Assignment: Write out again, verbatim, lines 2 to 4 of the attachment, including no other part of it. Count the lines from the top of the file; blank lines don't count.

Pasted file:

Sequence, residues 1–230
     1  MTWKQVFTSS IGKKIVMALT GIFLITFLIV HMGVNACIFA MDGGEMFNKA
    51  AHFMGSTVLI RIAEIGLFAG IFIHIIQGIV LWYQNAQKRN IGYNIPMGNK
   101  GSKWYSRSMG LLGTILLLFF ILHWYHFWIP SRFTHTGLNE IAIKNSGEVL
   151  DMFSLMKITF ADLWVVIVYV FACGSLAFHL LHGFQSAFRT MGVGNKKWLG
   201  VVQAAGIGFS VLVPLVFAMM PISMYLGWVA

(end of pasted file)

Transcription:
     1  MTWKQVFTSS IGKKIVMALT GIFLITFLIV HMGVNACIFA MDGGEMFNKA
    51  AHFMGSTVLI RIAEIGLFAG IFIHIIQGIV LWYQNAQKRN IGYNIPMGNK
   101  GSKWYSRSMG LLGTILLLFF ILHWYHFWIP SRFTHTGLNE IAIKNSGEVL